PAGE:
Fig. 1
figure 1

Design and validation of lentiviral vectors and synthetic promoter variants. A Design of the third-generation lentiviral vector and minimal promoter candidates. The lentiviral vectors encoded for mCherry under the control of the constitutively active human PGK promoter as transduction control (11–29% mean) and eGFP under the control of one of the synthetic inducible promoter candidates. The synthetic promoters are composed of pathway-specific transcription factor binding sites (orange box) and a minimal promoter. The minimal promoter contains binding sites for different general transcription factors, which are important for the assembly of RNA polymerase complexes but not all present in all physiological promoters. B Evaluation of background activity of minimal promoters without pathway-specific transcription binding sites. Transduced human UC-MSCs were activated with IFN-γ, TNF-α and IL1-β (10 ng/mL each). C Minimal promoters were combined with gamma interferon activated site (GAS) (box pathway-specific TF-binding sites) and activated with 10 ng/mL IFN-γ. D Minimal promoters were combined with interferon-sensitive response element (ISRE) (box pathway-specific TF-binding sites) and activated with 10 ng/mL IFN-γ. E Comparison of the best candidates with a previously published synthetic TATA-box [34]. Depicted are the means, and error bars indicate SD (n = 3–6 Donors). U3 unique 3 region, R Redundant region, U5 Unique 5 region, PBS Primer binding site, RRE Rev responsive element, cPPT Central polypurine tract, eGFP Enhanced green fluorescent protein, hPGK Human phosphoglycerate kinase promoter, wPRE Woodchuck hepatitis virus post-transcriptional regulatory element, BRE TFIIB Recognition Element, MTE Motif Ten Element, DPE Downstream Promoter Element, y & z: placeholder for positions depending on the pathways specific transcription factor binding site length, MFI Median fluorescent intensity, ECA Enhanced core promoter A, GECA GAS + Enhanced core promoter A, GASM GAS elements combined with the minimal promoter from Merlet et al. [34], IECA ISRE + Enhanced core promoter A, ISREM ISRE elements combined with the minimal promoter from Merlet et al. [34]. The ANOVA with subsequent Bonferroni-corrected pair-wise t-Test were used to calculate statistical significance and are summarized in Additional file 4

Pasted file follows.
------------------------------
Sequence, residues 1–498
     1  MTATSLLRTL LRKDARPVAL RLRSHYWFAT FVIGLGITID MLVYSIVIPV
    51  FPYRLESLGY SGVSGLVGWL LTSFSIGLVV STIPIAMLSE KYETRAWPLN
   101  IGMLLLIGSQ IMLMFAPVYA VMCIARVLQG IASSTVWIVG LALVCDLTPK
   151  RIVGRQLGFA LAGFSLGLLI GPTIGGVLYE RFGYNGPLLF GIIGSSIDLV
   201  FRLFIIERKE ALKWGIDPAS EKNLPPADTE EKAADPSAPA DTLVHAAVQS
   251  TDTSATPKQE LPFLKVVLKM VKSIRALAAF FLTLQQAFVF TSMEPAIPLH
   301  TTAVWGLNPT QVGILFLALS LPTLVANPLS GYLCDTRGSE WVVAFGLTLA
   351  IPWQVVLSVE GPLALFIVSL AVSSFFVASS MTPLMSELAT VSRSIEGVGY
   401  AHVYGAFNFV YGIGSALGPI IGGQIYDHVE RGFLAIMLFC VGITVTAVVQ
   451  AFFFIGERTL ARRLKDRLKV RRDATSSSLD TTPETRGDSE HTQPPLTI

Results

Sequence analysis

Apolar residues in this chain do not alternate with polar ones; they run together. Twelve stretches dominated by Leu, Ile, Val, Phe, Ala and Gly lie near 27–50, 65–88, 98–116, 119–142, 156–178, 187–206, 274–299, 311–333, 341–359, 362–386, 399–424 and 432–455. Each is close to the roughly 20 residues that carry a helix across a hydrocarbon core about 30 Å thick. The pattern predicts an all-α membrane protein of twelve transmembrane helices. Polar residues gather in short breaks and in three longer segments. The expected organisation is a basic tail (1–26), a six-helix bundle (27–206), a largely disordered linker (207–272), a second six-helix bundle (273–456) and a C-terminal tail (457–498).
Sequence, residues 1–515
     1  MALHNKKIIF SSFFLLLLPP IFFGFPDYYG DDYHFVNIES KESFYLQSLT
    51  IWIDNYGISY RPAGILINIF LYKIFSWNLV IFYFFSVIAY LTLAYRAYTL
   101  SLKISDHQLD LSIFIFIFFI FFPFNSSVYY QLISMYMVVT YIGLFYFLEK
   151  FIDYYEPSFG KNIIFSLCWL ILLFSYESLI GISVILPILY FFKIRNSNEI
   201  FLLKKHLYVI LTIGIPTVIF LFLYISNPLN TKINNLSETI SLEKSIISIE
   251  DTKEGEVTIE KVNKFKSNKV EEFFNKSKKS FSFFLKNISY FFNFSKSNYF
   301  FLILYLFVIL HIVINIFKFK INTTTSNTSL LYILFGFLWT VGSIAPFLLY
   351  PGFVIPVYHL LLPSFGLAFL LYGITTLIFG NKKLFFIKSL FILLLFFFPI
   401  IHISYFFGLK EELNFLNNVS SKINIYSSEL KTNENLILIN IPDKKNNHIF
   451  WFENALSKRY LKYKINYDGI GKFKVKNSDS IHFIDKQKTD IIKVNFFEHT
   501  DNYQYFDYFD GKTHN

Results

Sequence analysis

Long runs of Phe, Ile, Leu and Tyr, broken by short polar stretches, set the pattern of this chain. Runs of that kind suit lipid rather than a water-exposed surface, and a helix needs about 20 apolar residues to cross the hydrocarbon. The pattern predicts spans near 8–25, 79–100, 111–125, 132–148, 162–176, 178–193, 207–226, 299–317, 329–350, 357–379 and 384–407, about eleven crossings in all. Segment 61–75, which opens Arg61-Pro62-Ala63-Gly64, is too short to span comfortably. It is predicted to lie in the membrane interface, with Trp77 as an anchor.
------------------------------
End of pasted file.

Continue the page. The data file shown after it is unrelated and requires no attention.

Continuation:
All minimal promoter candidates contain a TATA-box and a transcription initiator motif. We added various spatially close core promoter elements in blocks around it. A GC-box and CAAT-box as one block (− 106 to − 81 from transcription start site), MTE and DPE as one block (+18 to + 34), and two BREs flanking the TATA-box as one block (− 37 to − 17) (Fig. 1A). These elements replaced, in different combinations, a random nucleotide sequence. The vector design without any promoter elements (enhanced core promoter A random = ECAR) served as a negative control [15]. The various combinations of promoter elements were named enhanced core promoter A (ECA) 1 to 7.